Strikes, higher fuel prices and rising labour costs have sent profits into a tailspin at budget airline Ryanair during the three months to the end of June.
Post-tax profit plunged by 20% to €319 million, from €397 million during the same period last year.
Shares fell by 0.64 cents, or 4.16%, to €14.86 after the company reported earnings per share down 18% from 32.66 cents last time to 26.62 cents.
Air traffic control problems
Ryanair said: “Fuel prices have risen substantially. While we are 90% hedged at $58 a barrel our unhedged balance will see our full-year fuel bill increase by at least €430 million.”
The airline was bedevilled during the period by poor industrial relations both inside and outside the company. Air traffic controllers in France were on strike for nine of the 13 weekends during April, May and June “leading to thousands of cancelled flights”. Ryanair cancelled more than 2,500 flights involving about 450,000 passengers during the quarter “with a loss of higher-yielding weekend traffic”.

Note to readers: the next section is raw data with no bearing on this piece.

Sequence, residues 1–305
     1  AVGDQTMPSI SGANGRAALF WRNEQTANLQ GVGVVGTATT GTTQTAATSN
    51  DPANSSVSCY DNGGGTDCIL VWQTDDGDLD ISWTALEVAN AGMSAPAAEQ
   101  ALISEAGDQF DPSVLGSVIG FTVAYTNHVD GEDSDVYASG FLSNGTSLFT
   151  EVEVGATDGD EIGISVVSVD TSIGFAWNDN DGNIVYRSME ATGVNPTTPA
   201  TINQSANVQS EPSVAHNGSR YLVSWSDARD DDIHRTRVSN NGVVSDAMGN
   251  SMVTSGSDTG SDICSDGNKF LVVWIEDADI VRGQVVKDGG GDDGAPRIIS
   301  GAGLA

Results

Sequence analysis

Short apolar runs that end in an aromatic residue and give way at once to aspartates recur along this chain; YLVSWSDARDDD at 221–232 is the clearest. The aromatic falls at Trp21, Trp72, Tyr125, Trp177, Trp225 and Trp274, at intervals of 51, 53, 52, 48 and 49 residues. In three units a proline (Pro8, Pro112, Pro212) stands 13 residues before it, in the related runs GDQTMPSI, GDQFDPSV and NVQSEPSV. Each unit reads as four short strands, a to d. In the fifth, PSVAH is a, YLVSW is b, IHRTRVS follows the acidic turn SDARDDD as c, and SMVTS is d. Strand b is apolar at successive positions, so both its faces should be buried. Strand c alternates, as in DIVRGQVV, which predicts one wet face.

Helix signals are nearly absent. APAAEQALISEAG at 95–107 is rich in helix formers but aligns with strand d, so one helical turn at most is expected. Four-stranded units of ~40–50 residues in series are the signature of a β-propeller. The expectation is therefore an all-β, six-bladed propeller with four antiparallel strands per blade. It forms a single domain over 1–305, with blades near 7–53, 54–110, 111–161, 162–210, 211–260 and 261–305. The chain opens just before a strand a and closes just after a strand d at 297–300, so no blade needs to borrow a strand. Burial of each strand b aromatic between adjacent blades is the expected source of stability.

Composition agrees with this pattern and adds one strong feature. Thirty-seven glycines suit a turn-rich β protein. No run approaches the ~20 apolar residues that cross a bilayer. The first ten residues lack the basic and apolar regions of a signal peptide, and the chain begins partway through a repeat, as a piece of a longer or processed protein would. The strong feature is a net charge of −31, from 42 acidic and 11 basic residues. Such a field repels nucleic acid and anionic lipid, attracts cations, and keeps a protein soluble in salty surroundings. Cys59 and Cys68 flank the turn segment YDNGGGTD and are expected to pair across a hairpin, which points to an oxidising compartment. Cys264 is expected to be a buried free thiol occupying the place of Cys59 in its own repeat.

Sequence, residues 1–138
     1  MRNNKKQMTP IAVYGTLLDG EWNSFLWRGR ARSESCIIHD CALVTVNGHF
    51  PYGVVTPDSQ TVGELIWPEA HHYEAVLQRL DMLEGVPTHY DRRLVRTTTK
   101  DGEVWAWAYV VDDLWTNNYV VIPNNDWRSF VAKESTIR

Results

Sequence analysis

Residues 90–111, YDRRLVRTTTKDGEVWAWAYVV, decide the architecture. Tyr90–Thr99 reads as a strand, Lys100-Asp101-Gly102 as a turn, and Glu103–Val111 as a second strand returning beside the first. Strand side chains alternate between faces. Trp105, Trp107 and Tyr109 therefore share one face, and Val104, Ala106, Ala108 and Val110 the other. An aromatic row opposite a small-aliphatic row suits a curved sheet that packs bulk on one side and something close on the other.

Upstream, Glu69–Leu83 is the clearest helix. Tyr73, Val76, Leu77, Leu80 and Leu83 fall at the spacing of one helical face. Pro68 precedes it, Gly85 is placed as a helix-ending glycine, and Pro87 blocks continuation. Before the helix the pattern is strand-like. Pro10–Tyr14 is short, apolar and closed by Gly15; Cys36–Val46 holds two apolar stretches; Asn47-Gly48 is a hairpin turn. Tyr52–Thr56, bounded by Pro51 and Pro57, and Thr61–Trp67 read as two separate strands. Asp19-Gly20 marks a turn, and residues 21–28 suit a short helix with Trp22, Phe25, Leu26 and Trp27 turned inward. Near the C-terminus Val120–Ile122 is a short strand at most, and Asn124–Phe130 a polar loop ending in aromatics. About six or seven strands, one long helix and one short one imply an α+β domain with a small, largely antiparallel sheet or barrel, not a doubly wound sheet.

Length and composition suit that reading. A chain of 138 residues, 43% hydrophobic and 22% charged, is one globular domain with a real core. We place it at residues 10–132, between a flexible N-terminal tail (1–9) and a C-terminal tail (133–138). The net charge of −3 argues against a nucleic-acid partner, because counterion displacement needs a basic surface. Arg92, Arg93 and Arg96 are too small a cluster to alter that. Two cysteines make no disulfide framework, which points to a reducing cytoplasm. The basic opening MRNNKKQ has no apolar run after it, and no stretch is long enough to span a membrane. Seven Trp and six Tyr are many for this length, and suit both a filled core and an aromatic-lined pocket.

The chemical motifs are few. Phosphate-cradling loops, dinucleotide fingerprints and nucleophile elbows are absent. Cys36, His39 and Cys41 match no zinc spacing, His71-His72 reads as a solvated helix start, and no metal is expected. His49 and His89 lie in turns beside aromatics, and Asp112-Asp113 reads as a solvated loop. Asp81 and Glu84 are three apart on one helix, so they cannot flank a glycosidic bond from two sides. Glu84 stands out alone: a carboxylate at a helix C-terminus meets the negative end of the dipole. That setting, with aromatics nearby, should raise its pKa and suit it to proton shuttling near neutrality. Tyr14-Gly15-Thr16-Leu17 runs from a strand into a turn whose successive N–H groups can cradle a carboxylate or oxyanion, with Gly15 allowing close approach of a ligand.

Ryanair and other airlines have begun legal proceedings against the French government to keep the skies open and have called on the European Commission to take over responsibility for the upper air space so that overflights are unaffected by national air traffic control strikes.